Simple short stories for learning English level 1-level 2-level 3

4) Fast-adjective /fɑːst/- moving or happening quickly, or able to move or happen quickly:

fast cars

a fast swimmer

Computers are getting faster all the time.

UK The fast train (= one that stops at fewer stations and travels quickly) to London takes less than an hour.

5) Know-verb  /nəʊ/-to have information in your mind:

“Where did he go?” “I don’t know.”

“What does it cost?” “Ask Kate. She’ll know.”

She knows the name of every kid in the school.

I don’t know anything about this.

We don’t know when he’s arriving.

I don’t know (= understand) what all the fuss is about.

I just knew (that) it was going to be a disaster.

She knew (= was aware) (that) something was wrong.

Simple short stories for learning English level 1-level 2-level 3

6) Leukaemia-noun  /luːˈkiː.mi.ə/- a serious disease in which the body produces too many white blood cells

7) Survivor-noun  /səˈvaɪ.vər/ a person who continues to livedespite almost dying:

He was the sole (= only) survivor of the plane crash.

She’s a cancer survivor/a survivor of cancer.

8) Herself-pronoun /hɜːˈself/- used to refer to a female object of a verb, that is the same person or animal as the subject of the verb:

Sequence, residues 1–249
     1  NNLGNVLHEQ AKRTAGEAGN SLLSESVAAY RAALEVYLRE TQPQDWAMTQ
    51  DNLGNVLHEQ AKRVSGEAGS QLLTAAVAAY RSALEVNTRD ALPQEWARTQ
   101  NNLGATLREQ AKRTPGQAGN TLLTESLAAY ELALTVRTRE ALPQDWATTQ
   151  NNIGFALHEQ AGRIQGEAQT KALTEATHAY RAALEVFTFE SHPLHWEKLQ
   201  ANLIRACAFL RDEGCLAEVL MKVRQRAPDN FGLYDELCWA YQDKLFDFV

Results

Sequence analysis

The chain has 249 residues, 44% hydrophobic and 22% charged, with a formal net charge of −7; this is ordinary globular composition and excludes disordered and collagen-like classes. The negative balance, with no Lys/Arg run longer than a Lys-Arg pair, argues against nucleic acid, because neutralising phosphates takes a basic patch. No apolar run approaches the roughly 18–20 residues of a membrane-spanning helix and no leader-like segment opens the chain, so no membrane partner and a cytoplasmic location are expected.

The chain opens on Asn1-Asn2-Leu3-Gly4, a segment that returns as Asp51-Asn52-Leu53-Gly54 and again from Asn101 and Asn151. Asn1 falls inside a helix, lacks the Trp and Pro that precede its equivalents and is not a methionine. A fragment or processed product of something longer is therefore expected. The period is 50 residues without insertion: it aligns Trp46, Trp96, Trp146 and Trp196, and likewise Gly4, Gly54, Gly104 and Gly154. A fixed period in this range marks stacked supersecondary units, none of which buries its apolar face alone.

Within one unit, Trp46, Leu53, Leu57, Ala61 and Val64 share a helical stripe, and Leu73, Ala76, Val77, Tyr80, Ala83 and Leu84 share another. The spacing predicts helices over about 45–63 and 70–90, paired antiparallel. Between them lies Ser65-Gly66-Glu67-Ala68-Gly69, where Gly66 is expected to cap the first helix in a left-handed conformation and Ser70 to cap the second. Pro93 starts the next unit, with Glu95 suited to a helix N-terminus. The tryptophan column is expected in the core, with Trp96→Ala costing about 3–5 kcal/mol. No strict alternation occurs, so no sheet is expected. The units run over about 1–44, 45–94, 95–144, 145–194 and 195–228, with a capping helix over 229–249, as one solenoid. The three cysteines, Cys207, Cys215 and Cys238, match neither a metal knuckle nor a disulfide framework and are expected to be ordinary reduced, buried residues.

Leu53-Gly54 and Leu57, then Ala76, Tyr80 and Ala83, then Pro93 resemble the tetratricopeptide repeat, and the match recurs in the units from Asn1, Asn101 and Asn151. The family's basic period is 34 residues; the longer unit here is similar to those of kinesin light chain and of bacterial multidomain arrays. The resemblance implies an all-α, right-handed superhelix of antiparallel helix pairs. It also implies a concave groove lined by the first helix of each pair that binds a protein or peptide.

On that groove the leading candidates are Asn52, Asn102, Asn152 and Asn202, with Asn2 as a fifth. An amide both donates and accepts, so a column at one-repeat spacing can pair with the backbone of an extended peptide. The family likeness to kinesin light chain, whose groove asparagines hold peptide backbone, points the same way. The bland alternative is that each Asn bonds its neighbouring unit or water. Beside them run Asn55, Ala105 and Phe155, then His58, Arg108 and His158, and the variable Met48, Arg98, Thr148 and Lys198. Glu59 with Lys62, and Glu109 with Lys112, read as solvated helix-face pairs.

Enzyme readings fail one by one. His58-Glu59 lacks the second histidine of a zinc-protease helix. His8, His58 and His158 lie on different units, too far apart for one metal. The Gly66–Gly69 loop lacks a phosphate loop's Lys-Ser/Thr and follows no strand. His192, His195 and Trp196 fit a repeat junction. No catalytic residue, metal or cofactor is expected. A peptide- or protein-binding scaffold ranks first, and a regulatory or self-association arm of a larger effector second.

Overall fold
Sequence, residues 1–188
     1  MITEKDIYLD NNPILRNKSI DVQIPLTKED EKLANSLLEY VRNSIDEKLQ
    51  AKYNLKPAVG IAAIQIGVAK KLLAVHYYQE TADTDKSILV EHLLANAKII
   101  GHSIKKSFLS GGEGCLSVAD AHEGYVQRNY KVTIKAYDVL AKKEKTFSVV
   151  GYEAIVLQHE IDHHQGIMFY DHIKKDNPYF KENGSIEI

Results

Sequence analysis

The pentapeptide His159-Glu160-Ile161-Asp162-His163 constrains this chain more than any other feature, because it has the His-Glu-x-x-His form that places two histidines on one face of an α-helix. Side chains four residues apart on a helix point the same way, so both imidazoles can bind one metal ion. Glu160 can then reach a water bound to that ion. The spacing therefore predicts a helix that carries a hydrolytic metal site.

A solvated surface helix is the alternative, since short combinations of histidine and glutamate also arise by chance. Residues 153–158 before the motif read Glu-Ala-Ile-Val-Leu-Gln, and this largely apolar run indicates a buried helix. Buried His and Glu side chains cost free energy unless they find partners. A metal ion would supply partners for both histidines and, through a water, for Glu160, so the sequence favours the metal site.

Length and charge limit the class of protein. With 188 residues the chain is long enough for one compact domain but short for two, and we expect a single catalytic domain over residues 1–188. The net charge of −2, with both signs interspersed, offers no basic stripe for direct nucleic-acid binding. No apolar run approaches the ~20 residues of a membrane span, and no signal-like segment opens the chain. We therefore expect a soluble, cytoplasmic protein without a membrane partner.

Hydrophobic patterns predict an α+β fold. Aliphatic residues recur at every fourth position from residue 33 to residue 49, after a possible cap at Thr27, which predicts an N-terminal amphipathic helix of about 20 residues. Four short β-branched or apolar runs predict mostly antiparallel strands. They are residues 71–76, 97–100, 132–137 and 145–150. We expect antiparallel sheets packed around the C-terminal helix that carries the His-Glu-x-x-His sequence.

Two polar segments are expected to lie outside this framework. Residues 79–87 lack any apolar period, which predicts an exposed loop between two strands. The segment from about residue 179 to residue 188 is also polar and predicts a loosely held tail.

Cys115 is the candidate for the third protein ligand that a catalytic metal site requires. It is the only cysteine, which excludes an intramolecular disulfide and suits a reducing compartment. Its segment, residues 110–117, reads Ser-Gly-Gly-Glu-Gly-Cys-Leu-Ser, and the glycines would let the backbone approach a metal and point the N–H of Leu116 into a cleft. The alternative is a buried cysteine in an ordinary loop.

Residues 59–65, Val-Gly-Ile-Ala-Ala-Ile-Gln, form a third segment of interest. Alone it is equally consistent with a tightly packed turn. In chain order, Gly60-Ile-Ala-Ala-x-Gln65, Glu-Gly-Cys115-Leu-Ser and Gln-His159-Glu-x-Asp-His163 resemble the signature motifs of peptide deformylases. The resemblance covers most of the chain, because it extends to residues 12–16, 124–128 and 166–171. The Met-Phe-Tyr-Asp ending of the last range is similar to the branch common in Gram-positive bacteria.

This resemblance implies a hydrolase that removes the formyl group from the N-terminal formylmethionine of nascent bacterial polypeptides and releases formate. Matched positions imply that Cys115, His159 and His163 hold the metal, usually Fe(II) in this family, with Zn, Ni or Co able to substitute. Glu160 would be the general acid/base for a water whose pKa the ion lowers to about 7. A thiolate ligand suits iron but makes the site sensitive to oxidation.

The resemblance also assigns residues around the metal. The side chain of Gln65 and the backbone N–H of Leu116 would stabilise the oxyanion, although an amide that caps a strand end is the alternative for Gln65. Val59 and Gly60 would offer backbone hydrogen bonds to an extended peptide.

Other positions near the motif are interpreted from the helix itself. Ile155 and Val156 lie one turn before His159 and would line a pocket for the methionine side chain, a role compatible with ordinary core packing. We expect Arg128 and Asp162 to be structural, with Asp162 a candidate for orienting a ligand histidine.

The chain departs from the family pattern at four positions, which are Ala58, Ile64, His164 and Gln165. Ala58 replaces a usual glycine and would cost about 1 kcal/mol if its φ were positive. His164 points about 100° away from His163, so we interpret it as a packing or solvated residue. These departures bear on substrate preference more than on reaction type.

She kept telling herself that nothing was wrong.

My mother would worry herself to death if she knew what I was doing.

An old woman runs a marathon-level 3

An old woman runs a marathon-level 3

“I’m Harriette Thompson, and I’m 91 years old, and I’m running the marathon at San Diego.”

That’s right! Ninety-one-year-old Harriette Thompson ran her way into the record books on Sunday after she completed the San Diego Rock ‘n’ Roll marathon for the 15th time.

Completing the race in seven hours, seven minutes and 42 seconds, Hariette became the oldest woman to compete in the race, and also set a US record for the fastest time for a woman in her age group.

The second oldest marathon runner in US history, Harriette started running back in 1999, when a friend of hers was running to raise money to fight cancer.

“I started running because I had friends who were very ill from leukaemia, and a friend of mine was gathering money for the race. She was going to run for the Leukemia Lymphoma Society, and I decided, well, I could walk that, so I signed up, and I came out here in 1999 and ran my first marathon.”

A cancer survivor herself, Harriette had just undergone nine radiation treatments for cancer in her legs, and at one point during the race, didn’t think she could make it to the finish line. But, despite aching legs and sapping sun during the course of her latest run, it seems that the race is far from over for Harriette, who hopes to take on next year’s competition.

“When I get over that finish line, that’s the best part!”


1) Gathering-noun /ˈɡæð.ər.ɪŋ/- a party or a meeting when many people come together as a group:

There will be a gathering of world leaders in Vienna next month.

social gathering (= when people meet for pleasure not work

The city is hosting a gathering of business leaders next month.